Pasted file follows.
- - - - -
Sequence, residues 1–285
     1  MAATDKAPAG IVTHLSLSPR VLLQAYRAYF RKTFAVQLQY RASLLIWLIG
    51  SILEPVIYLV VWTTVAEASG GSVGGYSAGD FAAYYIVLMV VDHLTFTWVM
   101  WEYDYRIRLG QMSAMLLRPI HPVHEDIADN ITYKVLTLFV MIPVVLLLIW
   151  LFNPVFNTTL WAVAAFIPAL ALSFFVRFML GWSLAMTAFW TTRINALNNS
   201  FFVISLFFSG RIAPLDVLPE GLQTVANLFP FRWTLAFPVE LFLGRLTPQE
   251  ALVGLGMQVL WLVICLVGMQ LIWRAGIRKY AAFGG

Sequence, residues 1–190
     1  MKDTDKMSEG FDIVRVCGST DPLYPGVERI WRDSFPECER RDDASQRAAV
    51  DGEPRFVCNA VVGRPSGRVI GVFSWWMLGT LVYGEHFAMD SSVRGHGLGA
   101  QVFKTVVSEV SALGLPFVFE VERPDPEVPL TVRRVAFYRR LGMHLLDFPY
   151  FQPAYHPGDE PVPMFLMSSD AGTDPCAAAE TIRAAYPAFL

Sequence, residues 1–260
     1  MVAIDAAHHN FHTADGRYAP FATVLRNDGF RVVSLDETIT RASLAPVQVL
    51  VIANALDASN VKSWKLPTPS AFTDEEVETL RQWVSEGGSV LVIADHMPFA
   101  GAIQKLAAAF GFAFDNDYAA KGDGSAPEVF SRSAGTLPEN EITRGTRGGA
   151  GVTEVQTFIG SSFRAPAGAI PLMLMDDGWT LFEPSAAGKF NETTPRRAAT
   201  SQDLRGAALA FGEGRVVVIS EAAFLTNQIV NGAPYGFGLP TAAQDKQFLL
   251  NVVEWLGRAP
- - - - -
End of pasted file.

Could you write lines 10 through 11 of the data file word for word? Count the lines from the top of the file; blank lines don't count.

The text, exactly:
    51  DGEPRFVCNA VVGRPSGRVI GVFSWWMLGT LVYGEHFAMD SSVRGHGLGA
   101  QVFKTVVSEV SALGLPFVFE VERPDPEVPL TVRRVAFYRR LGMHLLDFPY